Six years ago, director Martin Scorsese released a film called Silence. Based on a novel by Shusaku Endo, the film was a fictional story about 17th century Portuguese Jesuits who travel to Japan in search of a missionary member of their order who has renounced his Christian faith. The film was a passion project for Scorsese. It was not widely distributed or widely seen, despite its universal theme of keeping faith in hostile situations and dangerous places.
Actor Andrew Garfield had one of the leading roles, playing a priest committed to his vocation. When interviewed, Garfield admitted that he was completely unchurched when he accepted the part. He knew next to nothing about Christianity, so he contacted a priest and asked the priest to help him engage the spiritual exercises of St. Ingatius of Loyola (the founder of the Jesuits).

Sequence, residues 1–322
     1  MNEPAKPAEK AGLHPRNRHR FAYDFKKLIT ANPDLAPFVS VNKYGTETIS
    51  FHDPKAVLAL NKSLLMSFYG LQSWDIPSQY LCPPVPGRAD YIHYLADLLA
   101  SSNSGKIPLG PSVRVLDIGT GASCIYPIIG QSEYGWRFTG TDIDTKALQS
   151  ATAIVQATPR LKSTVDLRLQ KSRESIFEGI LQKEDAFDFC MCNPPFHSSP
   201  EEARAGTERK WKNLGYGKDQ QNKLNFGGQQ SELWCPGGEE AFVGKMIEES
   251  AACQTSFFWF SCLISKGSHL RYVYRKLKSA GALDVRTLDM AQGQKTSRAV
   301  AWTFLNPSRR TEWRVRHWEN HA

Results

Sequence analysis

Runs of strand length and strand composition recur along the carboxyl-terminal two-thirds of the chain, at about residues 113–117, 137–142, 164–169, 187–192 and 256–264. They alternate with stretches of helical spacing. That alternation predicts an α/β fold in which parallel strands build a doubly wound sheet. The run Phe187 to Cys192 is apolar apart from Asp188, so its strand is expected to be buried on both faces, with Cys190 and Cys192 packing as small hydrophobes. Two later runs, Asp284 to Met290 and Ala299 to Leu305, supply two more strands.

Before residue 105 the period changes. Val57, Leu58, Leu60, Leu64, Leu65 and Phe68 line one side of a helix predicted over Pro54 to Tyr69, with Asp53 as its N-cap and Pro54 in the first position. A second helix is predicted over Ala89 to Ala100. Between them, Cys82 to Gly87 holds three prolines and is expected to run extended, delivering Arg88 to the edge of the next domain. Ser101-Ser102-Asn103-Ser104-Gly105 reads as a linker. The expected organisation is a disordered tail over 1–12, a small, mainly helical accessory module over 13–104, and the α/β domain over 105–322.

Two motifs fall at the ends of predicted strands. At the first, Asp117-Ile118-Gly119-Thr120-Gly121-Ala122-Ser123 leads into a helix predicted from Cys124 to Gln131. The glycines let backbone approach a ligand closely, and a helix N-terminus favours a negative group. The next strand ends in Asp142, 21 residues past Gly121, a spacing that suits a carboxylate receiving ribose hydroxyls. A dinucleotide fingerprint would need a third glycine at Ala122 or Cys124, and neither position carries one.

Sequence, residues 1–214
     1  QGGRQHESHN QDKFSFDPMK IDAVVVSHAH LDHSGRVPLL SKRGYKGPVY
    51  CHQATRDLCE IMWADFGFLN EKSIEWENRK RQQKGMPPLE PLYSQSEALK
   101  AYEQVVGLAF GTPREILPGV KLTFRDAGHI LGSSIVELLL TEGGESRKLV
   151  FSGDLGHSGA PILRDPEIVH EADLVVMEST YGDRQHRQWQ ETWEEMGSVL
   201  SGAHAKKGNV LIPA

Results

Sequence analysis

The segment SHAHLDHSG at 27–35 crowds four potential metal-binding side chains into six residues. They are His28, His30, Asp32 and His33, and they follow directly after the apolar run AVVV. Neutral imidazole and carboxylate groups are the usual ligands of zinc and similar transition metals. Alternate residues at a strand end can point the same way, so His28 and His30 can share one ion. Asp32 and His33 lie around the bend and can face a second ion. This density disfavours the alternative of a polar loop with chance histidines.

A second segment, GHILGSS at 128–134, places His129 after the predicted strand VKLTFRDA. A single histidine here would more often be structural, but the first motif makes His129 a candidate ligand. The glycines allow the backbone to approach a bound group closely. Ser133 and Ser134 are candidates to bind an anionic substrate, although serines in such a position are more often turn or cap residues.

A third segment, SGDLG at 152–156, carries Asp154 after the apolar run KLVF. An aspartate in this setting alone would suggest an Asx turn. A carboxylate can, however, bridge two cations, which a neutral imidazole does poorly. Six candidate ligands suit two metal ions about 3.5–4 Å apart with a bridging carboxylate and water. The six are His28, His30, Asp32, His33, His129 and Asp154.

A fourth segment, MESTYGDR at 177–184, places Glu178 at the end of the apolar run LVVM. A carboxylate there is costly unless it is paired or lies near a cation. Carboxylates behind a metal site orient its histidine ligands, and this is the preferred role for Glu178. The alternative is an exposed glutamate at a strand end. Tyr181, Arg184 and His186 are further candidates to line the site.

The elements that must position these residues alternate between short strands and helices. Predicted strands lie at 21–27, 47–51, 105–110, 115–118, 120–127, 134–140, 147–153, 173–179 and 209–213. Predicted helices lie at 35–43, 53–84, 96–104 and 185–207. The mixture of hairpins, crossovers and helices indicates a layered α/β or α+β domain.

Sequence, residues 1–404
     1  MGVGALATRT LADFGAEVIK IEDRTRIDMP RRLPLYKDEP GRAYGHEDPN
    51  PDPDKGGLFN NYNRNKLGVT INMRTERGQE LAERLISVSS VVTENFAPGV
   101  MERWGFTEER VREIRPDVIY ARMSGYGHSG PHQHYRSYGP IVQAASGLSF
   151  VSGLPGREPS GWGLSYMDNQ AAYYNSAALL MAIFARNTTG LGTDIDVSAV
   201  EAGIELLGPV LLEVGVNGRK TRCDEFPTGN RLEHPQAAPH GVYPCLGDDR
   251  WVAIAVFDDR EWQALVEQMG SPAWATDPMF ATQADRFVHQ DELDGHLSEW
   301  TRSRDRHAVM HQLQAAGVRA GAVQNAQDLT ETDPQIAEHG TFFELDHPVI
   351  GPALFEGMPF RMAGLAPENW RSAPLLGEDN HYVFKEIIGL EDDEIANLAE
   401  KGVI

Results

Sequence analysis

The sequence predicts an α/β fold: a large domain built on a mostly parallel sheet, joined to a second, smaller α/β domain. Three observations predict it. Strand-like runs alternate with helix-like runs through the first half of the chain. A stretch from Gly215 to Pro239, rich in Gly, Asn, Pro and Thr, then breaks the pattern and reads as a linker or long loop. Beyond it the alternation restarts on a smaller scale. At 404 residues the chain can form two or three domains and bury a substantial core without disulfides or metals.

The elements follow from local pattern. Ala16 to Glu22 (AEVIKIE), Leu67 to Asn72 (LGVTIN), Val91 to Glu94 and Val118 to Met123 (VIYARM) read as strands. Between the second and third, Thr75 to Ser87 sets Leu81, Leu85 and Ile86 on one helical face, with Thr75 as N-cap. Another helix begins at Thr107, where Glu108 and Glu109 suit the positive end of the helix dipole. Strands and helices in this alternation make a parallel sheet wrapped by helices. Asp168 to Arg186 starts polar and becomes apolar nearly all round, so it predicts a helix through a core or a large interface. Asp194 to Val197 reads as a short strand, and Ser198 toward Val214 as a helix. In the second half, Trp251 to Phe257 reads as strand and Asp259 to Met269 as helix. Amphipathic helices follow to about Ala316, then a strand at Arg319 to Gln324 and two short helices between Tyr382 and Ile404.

Although nervous at the start of that process, Garfield’s professional experience gave him a foundation from which to begin. He said that acting prepared him to engage the exercises, which include imagining oneself in Biblical scenes in order to gain insight into the will of God. “There were so many things in the Exercises that changed me and transformed me, that showed me who I was…and where I believe God wants me to be” he said, adding that the most remarkable thing about the work was “falling in love, and how easy it was to fall in love with Jesus.”
As we prepare for the great festival of Easter, may our Lenten observances (whatever they are) take the form of opportunity rather than chastisement: opportunity to tell the truth, the whole truth about ourselves, knowing that God understands us and God forgives us. Opportunity to fall in love with God in Christ, again or for the first time, with the assurance that God loves us so very much.